bodily injuries, or claims with full or partial liability of the insured driver. This paper exa-
mines an a priori ratemaking procedure when including two diﬀerent types of claim. When
assuming independence between claim types, the premium can be obtained by summing the
premiums for each type of guarantee and is dependent on the rating factors chosen. If the
independence assumption is relaxed, then it is unclear as to how the tariﬀ system might
be aﬀected. In order to answer this question, bivariate Poisson regression models, suitable
for paired count data exhibiting correlation, are introduced. It is shown that the usual
independence assumption is unrealistic here. These models are applied to an automobile
insurance claims database containing 80,994 contracts belonging to a Spanish insurance
company. Finally, the consequences for pure and loaded premiums when the independence
assumption is relaxed by using a bivariate Poisson regression model are analysed.
JEL classiﬁcation: C51; IM classiﬁcation: IM11; IB classiﬁcation: IB40.
Keywords: Bivariate Poisson regression models, Zero-inﬂated models, Automobile insurance,
Bootstrap methods, A priori ratemaking.
Acknowledgements. The author wishes to acknowledge the support of the Spanish Ministry of Education and
FEDER grant SEJ 2007-63298. The author is grateful for the valuable suggestions from the participants in the
12th International Congress on Insurance: Mathematics and Economics in Dalian on July 16-18, 2008.
Corresponding Author. Departament de Matematica Economica, Financera i Actuarial, Universitat
de Barcelona, Diagonal 690, 08034-Barcelona, Spain. Tel.: +34-93-4034853; fax: +34-93-4034892; e-mail:
lbermudez@ub.edu
1

1 Introduction
Designing a tariﬀ structure for insurance is one of the main tasks for actuaries. Such pricing
is particularly complex in the branch of automobile insurance because of highly heterogeneous
portfolios. A thorough review of ratemaking systems for automobile insurance, including the
most recent developments, can be found in Denuit et al. (2007).
One way to handle this problem of heterogeneity in a portfolio -referred to as tariﬀ segmenta-
tion or a priori ratemaking- involves segmenting the portfolio in homogenous classes so that all
insured parties belonging to a particular class pay the same premium. This procedure ensures
that the exact weight of each risk is fairly distributed within the portfolio. In the case of auto-
mobile insurance, in order to group the policies in homogenous classes, a series of classiﬁcation
variables are used (i.e., age, sex and place of residence of driver or horsepower, class and use of
the vehicle). These variables are called a priori ratemaking variables, since their values can be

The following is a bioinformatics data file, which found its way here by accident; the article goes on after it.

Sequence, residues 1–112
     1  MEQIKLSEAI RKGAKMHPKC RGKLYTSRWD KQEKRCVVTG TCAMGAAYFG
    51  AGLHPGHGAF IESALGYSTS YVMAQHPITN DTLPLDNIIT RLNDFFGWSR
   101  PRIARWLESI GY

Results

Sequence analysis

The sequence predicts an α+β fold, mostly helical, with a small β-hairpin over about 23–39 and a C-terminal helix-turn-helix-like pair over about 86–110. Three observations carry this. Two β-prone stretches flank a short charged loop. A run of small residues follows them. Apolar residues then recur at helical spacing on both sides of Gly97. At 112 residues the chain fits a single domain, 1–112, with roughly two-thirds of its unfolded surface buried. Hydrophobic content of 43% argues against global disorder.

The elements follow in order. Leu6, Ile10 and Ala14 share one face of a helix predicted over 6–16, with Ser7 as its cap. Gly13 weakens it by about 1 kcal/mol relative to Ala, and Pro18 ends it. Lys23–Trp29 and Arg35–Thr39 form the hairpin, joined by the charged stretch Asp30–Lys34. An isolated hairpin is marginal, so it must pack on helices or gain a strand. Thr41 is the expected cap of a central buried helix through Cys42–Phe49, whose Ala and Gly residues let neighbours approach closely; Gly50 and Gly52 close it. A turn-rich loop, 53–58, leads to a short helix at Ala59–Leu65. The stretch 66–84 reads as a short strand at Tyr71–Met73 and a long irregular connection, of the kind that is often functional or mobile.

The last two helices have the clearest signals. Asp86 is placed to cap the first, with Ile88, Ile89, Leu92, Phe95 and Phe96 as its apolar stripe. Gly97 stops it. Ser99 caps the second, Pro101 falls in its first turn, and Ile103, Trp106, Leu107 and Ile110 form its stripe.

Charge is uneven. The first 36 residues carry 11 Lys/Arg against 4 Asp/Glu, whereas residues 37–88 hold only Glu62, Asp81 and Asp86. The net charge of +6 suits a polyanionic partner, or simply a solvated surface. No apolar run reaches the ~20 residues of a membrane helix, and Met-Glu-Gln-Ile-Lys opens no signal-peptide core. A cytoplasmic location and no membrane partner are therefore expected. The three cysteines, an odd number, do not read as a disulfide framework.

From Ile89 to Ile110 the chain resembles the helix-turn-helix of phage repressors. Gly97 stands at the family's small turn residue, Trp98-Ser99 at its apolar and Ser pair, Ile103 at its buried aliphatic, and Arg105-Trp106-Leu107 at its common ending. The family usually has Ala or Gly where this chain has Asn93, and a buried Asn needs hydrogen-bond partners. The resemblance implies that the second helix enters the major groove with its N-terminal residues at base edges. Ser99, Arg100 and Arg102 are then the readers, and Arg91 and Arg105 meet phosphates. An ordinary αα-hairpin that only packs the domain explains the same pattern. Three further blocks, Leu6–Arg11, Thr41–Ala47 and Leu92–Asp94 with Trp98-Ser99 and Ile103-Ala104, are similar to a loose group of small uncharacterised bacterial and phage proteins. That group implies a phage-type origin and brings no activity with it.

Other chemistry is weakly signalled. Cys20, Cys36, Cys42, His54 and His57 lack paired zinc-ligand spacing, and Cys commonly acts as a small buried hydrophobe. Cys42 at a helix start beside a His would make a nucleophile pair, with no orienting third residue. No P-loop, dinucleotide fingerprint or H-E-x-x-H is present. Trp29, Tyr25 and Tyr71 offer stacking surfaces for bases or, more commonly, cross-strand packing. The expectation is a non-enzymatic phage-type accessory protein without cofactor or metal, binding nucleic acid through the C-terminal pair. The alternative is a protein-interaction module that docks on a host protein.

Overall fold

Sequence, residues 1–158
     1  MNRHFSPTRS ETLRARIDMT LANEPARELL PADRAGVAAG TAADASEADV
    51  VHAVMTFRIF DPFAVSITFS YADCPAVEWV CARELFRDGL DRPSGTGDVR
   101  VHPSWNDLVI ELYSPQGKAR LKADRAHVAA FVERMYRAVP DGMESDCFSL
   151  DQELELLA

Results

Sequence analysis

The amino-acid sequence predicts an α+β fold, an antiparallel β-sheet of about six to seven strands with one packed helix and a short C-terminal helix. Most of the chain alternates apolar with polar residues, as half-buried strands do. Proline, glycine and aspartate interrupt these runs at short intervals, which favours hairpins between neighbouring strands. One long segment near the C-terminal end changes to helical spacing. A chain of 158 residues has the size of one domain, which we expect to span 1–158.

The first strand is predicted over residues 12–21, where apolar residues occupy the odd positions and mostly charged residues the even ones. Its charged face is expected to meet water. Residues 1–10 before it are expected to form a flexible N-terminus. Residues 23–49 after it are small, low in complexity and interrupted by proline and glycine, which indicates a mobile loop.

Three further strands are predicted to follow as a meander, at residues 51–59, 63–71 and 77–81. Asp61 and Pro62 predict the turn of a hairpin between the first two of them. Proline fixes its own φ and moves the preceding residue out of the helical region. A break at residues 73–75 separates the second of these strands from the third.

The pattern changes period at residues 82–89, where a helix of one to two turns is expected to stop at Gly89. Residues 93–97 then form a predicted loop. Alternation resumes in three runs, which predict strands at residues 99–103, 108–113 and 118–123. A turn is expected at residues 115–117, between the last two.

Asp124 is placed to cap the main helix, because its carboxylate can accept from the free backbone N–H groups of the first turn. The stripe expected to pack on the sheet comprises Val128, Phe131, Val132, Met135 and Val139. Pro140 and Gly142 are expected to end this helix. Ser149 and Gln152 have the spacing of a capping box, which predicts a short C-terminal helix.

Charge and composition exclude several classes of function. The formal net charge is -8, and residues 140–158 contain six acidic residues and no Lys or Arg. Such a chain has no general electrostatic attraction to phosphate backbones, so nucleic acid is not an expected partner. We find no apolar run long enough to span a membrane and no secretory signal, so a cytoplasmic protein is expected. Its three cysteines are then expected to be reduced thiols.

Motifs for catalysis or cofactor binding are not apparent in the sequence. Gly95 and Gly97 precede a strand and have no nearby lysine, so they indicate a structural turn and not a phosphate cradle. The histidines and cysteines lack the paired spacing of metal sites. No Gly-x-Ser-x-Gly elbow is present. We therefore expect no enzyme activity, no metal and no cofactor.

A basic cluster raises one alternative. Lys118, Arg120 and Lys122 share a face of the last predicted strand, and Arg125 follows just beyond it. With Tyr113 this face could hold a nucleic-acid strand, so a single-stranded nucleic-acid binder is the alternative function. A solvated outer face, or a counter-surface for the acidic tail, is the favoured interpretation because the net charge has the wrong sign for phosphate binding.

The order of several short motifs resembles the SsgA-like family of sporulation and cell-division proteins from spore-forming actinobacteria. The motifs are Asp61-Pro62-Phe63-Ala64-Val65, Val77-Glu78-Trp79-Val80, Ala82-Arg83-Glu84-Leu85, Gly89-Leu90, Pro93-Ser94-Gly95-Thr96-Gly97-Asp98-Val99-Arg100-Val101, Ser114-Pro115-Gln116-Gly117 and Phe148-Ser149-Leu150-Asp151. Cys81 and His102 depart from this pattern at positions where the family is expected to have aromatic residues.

determined before the insured party begins to drive.
If all the factors inﬂuencing a risk could be identiﬁed, measured and introduced in the tariﬀ
system, then the classes deﬁned would be homogenous. However, this is not that case as there
are important risk factors that are not considered in the a priori tariﬀ. Some examples are
especially diﬃcult to quantify, such as a driver’s reﬂexes, his or her aggressiveness, or knowledge
of the Highway Code, among others. As a result, tariﬀ classes can be quite heterogeneous.
Hence, the idea has arisen of considering individual diﬀerences in policies within the same class
by using an a posteriori mechanism, i.e., ﬁtting an individual premium based on the experience
of claims for each insured party. This concept has received the name of a posteriori tariﬀ,
experience rating or the bonus-malus system.
Here, only the ﬁrst step in pricing is studied, the a priori ratemaking. In short, the classi-
ﬁcation or segmentation of risks involves establishing diﬀerent classes of risk according to their
nature and probability of occurrence. For this purpose, factors are determined in order to classify
each risk, and it is statistically tested that the probability of a claim depends on these factors,
and hence, their inﬂuence can be measured. A priori classiﬁcation based on generalized linear
models is the most widely accepted method; see e.g. Dionne and Vanasse (1989), Haberman
2

and Renshaw (1996), Pinquet (1999), Berm´udez et al. (2001) and Boucher and Denuit (2006)
for applications in the actuarial sciences, and Mc Cullagh and Nelder (1989) or Dobson (1990)
for a general overview of the statistical theory.
The most commonly used generalized linear model for this tariﬀ system is the Poisson re-
gression model and its generalizations (Denuit et al., 2007). Introduced by Dionne and Vanasse
(1989) in the context of automobile insurance, the model can be applied if the number of claims
for each individual policy observation is known. Although it is possible to use the total number
of claims as the response variable, the nature of automobile insurance policies (covering diﬀe-
rent risks) is such that the response variable is the number of claims for each type of guarantee.
Therefore, a premium is obtained for each class of guarantee as a function of diﬀerent factors.
Then, assuming independence between types of claim, the total premium is obtained from the
sum of the expected number of claims of each guarantee.
Here, two diﬀerent types of guarantee are assumed: third-party liability automobile insurance
and the rest of guarantees. Following the usual methodology, assuming independence between
types, the premium paid by the policyholder is obtained by summing the premiums for each
type of guarantee and this depends on the rating factors. However, the question remains as
to whether the independence assumption is realistic. When this assumption is relaxed, it is
interesting to see how the tariﬀ system might be aﬀected.
In this study, a bivariate Poisson regression model is introduced. Holgate (1964) provided a
practical basis for the bivariate Poisson distribution but its use has been largely ignored, mainly